Here there is a useful contrast with New Zealand (NZ) which shared some, although not all, of the historical factors that shaped public education in Australia. As a consequence the church schools also had not been incorporated in the public system in NZ. In both countries into the 1970s the Catholic schools faced a crisis with the decline in their teaching orders and their low financial base limited their capacity to pay lay teachers.

In NZ the crisis precipitated a settlement that saw the partial incorporation of Catholic schools within the public system. The crisis for Catholic schools in Australia and was expressed in the effective strike of the Catholic schools in Goulbourn in NSW. It precipitated the Commonwealth funding regime through the 1974 Karmel Report and its needs based funding principle.

A settlement of the New Zealand type was not possible in Australia for two reasons. First the resistance within the government school sectors would have been substantial. The government school organisations held firmly to the institutional form of public education and would have resisted any attempt to incorporate church schools and more decentralised governance. Second, the Catholic Church would have resisted a full incorporation into the highly centralised state systems.

The consequences of the particular history of public education in Australia, and especially the failure of a settlement between the state and the church schools have been several and severe. First it has helped to define an institutional form of public education where the principles of ‘free, compulsory and secular’ fail to articulate any public purpose. Second the consequential vacuum has allowed the ‘principle’ of private purpose to substitute the public purpose within the Australian polity.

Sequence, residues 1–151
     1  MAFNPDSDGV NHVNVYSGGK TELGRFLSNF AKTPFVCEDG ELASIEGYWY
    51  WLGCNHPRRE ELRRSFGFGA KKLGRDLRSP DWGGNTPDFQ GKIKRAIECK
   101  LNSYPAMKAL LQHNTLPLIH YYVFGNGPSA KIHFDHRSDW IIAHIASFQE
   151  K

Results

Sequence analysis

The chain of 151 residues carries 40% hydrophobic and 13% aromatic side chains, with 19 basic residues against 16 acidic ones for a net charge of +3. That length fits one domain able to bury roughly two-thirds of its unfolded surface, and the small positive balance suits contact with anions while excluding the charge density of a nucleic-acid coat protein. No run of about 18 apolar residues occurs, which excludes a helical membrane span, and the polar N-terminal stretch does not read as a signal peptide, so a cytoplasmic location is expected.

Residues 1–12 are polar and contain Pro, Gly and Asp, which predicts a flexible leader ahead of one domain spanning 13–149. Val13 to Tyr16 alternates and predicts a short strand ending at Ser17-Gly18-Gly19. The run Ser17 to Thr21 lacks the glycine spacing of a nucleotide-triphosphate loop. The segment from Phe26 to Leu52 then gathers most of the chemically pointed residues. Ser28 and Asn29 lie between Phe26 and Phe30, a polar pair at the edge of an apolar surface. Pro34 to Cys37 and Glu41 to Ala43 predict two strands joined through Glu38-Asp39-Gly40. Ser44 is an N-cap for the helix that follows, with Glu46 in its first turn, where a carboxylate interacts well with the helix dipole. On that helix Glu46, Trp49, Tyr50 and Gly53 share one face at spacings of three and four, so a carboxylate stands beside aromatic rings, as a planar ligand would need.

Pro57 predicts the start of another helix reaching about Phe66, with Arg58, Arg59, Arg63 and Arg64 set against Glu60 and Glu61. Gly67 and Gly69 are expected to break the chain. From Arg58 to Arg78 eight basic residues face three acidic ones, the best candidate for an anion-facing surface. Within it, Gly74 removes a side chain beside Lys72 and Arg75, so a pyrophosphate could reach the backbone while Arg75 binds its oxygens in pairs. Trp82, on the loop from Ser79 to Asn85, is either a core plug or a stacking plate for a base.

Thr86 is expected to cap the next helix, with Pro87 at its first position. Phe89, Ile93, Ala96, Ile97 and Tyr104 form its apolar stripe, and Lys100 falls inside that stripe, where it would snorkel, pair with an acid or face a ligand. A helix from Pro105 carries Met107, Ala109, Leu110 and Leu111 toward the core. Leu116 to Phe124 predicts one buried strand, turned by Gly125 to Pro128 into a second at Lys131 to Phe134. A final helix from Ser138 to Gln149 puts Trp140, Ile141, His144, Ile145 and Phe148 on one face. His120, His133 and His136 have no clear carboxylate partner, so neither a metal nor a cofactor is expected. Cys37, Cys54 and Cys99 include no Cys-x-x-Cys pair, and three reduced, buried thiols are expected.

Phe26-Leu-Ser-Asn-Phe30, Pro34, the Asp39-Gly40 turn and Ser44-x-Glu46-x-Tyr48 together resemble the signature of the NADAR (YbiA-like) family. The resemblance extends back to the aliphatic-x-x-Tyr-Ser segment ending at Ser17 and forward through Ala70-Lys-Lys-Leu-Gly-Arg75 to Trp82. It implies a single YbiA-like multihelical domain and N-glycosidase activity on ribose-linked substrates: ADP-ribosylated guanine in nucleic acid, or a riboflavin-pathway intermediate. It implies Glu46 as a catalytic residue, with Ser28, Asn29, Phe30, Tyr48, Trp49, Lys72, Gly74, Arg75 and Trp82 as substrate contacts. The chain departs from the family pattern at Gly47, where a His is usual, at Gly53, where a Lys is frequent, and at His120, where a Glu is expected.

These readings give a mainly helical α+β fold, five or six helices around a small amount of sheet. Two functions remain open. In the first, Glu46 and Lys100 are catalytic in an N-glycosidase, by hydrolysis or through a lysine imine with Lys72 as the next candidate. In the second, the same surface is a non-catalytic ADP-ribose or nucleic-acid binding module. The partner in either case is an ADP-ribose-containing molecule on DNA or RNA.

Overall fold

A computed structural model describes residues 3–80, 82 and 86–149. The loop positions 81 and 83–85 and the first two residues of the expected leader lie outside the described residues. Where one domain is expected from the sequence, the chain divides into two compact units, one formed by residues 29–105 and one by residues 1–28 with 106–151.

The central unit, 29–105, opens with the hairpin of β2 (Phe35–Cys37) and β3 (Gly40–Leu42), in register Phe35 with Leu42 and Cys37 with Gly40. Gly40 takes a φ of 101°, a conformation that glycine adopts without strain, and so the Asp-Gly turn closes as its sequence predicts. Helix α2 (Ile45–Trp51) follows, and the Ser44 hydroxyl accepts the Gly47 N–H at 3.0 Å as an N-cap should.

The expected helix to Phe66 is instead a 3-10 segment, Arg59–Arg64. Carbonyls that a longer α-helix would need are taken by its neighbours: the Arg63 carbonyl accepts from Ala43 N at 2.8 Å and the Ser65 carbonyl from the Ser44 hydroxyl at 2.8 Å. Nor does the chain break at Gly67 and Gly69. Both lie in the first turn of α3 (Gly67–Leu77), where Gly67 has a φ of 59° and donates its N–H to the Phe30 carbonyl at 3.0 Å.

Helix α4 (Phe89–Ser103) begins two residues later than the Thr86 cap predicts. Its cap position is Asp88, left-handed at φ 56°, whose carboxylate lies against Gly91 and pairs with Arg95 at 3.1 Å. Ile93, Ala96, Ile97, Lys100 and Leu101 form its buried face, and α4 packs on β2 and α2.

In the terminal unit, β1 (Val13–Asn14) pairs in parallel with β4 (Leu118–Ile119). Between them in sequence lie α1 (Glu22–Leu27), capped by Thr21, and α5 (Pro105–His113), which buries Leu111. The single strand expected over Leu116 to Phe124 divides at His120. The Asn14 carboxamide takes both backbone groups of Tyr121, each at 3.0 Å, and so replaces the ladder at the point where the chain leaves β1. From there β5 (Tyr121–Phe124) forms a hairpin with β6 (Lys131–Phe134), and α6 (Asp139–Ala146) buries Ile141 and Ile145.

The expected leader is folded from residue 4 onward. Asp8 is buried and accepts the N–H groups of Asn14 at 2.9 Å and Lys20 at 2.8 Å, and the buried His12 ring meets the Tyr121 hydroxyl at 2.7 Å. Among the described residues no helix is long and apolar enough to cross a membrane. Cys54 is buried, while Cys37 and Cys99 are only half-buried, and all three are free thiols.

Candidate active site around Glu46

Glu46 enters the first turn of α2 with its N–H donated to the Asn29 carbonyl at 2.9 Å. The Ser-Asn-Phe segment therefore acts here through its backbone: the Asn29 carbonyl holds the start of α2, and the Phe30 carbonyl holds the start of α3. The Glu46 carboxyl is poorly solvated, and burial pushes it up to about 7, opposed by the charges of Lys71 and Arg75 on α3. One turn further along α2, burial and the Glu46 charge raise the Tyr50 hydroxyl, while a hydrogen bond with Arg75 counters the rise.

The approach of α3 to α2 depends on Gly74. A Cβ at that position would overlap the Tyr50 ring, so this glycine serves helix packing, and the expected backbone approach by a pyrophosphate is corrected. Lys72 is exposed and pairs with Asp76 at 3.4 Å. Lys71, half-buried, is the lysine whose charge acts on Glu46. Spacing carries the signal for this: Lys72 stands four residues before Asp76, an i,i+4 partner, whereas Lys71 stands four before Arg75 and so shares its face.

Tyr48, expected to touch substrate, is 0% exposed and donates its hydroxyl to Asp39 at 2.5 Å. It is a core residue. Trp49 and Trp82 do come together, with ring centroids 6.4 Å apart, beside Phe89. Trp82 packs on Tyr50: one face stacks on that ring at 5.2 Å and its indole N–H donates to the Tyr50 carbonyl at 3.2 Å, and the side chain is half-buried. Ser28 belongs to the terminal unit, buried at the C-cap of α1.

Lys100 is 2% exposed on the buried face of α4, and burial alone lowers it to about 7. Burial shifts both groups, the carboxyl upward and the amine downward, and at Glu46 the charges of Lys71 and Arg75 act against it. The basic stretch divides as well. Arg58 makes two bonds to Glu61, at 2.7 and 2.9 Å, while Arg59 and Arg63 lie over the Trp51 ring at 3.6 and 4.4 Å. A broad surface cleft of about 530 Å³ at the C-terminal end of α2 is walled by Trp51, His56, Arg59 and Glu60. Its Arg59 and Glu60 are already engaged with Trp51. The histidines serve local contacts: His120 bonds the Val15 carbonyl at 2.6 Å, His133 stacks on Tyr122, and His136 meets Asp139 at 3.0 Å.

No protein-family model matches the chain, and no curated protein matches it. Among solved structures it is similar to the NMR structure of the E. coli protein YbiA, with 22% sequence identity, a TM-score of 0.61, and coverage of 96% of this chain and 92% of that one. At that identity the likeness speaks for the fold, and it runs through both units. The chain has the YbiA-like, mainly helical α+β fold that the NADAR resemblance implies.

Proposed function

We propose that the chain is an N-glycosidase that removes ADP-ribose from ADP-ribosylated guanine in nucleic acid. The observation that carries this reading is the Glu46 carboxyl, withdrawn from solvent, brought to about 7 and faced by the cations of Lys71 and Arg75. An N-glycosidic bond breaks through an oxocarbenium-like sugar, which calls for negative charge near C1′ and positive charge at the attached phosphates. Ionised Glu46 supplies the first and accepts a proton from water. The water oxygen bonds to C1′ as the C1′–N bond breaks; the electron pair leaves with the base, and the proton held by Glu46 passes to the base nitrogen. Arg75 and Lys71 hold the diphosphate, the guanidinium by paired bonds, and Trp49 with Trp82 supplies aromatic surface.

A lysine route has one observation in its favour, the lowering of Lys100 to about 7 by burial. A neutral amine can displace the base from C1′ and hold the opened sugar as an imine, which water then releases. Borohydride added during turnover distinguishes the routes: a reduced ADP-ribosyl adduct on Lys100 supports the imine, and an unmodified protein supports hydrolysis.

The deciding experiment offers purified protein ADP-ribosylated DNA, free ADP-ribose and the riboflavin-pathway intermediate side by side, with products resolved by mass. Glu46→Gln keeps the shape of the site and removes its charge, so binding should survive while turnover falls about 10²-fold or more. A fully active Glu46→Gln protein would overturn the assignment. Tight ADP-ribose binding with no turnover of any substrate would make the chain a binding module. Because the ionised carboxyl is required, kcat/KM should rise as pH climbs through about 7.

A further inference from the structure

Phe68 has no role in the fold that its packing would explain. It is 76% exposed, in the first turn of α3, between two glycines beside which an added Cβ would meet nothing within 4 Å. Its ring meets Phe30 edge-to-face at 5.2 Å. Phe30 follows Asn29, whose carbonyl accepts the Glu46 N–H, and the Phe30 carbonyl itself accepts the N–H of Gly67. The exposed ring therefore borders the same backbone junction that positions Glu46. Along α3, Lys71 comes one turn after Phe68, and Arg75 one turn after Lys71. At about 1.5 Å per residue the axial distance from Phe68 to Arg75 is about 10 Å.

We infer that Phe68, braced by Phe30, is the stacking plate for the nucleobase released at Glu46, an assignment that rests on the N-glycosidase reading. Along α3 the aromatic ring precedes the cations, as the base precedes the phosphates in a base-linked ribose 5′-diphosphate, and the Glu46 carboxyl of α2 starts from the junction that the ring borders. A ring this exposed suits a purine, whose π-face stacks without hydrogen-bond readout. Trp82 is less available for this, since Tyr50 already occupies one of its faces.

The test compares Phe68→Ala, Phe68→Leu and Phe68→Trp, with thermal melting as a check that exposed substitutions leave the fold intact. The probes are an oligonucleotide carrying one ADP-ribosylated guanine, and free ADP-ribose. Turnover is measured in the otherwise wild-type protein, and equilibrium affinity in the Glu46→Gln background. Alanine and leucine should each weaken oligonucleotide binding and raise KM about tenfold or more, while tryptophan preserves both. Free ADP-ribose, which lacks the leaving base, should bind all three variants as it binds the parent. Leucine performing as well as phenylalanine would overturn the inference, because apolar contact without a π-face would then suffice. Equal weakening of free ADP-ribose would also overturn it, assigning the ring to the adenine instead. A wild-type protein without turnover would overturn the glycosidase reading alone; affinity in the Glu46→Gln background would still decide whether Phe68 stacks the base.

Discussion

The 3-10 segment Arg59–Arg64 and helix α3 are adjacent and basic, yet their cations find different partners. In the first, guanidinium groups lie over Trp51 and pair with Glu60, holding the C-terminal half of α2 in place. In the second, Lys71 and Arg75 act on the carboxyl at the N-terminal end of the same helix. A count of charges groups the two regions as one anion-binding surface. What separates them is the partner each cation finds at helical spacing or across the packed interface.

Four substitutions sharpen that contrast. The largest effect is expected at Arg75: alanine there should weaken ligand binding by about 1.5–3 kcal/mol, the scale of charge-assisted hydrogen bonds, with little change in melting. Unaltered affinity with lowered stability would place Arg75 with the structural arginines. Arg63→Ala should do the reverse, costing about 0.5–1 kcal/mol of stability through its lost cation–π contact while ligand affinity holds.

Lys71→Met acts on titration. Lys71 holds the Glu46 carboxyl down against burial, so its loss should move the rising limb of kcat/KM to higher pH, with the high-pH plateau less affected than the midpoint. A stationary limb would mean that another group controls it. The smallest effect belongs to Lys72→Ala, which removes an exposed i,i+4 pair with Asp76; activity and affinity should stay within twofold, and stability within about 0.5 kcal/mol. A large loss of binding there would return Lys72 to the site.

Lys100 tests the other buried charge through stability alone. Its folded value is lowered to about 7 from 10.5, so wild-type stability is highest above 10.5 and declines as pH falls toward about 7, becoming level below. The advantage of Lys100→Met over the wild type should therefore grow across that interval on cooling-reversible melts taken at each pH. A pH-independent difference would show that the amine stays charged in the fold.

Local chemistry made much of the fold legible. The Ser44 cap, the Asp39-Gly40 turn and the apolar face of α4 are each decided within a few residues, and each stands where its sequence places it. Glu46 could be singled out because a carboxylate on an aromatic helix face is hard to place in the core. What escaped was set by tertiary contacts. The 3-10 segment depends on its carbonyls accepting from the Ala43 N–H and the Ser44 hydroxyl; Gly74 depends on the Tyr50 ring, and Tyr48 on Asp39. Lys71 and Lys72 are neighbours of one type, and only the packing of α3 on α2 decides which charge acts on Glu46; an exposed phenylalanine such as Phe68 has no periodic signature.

The symptoms of this are manifest.  The most obvious is the political leverage of the most elite private schools and the political leverage the Prime Minister can gain by stating the government schools lack values. More subtle has been the capacity of the small number elite private schools to manipulate the public ideology and positioning of the non-government school sector in their favour. The image of choice and private gain is not representative of the principles and purpose of the large number of low fee church schools in Australia, which arguably should have more in common with the government schools.

The particular history of Australian education and the weakness of public educational purposes within the Australian polity first made the government school sector prone to managerialism. Subsequently, it has been vulnerable to market ideologies, and it is no accident that Australia has spawned some of the more sophistic literature on the benefits of school autonomy and self governance of schools.

Through the 1990s, in particular, these arguments helped to underpin the ebbing of the principle of educational need and the associated funding regime. More recently there has been a spate of literature that denies the impact of students’ background on educational outcomes and locates the quality of teaching as the dominant variable in students’ outcomes. This is in the face of the observable tendency for Australian schooling to become more selective, which at the secondary level is being accelerated by some state governments.

The quest to locate and reach a broad national settlement on the public purposes of schooling, therefore, is important. Without some clarity and consensus there will be not platform upon which to build and protect the social ideals of public schooling in Australia.